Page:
Welcome to the February 2014 issue of the Global Washington newsletter. If you would like to contact us directly, please email us.
IN THIS ISSUE
- Member Recognition: Founder of Global Washington member Splash recognized in The Chronicle of Philanthropy’s “People to Watch in 2014”
- The Role of Business in Development: In the UK, Working Together Trumps Working in Parallel
- Featured Organization: University of Washington Michael G. Foster School of Business: An Interview with Charlene Balick
- Changemaker: Manisha Kathuria, Associate Director, Non-Profits, at Russell Investments
- Good Reads: Raising Global Children
- Welcome New Members
- Upcoming GlobalWA Member Events
- Career Center
- GlobalWA Events
Founder of Global Washington member Splash recognized in The Chronicle of Philanthropy’s “People to Watch in 2014”
Last month, The Chronicle of Philanthropy named Eric Stowe one of its “People to Watch in 2014.” Congratulations to Eric and the entire Splash team – actively ensuring safe water for over 200,000 children daily.
From The Chronicle of Philanthropy…
Eric Stowe, founder of Splash, a charity that brings clean water to schools, hospitals, and other institutions in developing countries, is a proponent of warts-and-all nonprofit transparency. Unlike the static figures used by many charities on their websites, the number of children that Splash reports serving has fluctuated on its Proving It website, indicating new water systems that have been built and others that have gone offline for repairs. The charity also provides water-quality reports, user reviews, and service records simultaneously to the group’s leaders and to the donors who support the various projects. Mr. Stowe says donors appreciate the organization’s candor, and so far only one person has pulled support in response to news of setbacks.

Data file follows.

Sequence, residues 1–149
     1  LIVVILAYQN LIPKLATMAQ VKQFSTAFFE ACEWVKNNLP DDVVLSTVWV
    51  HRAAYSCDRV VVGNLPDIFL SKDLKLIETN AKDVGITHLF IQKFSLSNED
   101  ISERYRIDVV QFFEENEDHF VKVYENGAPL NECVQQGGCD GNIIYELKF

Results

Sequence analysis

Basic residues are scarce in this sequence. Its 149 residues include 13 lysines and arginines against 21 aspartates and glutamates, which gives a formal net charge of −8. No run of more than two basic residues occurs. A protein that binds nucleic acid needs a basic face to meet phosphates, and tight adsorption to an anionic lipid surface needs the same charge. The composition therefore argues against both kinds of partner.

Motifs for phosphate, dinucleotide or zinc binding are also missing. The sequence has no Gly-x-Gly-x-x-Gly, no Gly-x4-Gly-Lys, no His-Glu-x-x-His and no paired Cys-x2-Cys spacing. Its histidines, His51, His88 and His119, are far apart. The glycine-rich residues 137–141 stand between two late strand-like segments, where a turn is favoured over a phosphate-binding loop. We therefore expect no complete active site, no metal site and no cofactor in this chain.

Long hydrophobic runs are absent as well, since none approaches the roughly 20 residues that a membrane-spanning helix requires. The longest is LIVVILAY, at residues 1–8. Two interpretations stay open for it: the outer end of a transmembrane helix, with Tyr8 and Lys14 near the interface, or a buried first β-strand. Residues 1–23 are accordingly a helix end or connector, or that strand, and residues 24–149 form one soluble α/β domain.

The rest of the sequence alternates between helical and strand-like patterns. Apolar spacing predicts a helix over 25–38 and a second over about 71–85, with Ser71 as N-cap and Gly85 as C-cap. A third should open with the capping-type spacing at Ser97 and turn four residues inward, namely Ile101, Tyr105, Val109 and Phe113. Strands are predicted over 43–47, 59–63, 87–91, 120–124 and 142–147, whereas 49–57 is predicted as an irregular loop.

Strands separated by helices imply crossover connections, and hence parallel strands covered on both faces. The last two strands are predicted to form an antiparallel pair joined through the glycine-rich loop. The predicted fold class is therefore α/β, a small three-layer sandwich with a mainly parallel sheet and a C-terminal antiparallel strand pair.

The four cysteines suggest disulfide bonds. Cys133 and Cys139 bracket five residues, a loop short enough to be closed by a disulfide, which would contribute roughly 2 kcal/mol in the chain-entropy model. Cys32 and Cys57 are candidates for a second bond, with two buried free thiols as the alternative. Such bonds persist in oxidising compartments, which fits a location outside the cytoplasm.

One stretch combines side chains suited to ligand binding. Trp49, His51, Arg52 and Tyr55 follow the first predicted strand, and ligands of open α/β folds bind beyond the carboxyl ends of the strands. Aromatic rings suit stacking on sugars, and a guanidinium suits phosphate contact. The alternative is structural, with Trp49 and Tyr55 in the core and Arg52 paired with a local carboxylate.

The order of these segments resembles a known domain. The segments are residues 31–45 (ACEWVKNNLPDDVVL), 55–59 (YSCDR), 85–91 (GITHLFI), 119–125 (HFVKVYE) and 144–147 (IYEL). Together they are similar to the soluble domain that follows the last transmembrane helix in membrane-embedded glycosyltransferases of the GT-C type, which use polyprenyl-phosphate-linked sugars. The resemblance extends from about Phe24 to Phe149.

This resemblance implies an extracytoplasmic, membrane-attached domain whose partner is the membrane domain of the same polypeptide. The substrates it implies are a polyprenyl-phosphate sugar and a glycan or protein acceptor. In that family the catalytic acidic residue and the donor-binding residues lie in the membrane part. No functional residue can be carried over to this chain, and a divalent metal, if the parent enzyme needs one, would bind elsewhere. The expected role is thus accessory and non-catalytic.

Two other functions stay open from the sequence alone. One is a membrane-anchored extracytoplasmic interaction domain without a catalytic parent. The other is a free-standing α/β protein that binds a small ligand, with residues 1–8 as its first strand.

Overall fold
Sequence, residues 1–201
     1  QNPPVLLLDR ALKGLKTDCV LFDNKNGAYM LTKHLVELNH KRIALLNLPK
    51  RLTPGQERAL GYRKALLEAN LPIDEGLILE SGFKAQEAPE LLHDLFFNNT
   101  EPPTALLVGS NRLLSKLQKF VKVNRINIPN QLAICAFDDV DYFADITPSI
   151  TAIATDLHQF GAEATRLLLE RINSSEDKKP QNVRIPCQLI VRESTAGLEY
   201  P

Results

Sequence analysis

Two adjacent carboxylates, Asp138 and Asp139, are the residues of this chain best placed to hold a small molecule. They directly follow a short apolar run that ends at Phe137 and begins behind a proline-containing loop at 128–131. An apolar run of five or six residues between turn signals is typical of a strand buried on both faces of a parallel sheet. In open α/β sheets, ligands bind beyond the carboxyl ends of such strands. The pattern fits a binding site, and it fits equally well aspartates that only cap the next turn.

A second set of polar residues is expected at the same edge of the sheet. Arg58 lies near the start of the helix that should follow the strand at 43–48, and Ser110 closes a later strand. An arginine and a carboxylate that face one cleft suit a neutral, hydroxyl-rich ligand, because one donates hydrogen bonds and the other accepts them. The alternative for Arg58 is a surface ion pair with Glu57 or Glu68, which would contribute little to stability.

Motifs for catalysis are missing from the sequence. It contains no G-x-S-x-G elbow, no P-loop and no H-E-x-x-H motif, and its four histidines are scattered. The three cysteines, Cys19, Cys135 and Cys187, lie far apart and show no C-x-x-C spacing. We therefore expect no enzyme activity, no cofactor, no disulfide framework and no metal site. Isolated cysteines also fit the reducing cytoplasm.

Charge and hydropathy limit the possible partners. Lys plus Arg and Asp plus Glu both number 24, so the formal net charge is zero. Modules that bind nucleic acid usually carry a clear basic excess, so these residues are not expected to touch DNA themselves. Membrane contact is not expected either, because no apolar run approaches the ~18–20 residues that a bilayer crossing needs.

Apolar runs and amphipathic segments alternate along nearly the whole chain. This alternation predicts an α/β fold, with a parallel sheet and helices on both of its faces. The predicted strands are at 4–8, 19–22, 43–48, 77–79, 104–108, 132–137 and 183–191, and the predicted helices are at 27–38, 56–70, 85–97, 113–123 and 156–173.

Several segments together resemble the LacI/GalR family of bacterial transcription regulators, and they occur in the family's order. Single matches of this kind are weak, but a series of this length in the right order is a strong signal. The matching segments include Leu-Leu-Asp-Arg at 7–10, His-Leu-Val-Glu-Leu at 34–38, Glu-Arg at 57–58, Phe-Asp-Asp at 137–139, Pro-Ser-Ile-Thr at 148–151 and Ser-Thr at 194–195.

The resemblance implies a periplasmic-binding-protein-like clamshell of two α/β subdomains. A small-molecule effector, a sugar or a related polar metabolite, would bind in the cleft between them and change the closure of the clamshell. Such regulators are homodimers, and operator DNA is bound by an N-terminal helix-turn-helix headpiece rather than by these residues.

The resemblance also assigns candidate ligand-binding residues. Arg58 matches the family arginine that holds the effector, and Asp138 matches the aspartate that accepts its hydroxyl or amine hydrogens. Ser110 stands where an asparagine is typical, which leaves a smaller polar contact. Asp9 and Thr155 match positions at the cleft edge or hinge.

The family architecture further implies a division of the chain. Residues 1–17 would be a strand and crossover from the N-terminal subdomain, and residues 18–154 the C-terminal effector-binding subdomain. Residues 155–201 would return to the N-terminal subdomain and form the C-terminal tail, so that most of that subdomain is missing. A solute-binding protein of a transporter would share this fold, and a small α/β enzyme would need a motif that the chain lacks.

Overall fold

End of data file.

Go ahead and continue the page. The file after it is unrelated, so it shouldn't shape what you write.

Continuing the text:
The Role of Business in Development: In the UK, Working Together Trumps Working in Parallel
By Katie Wollstein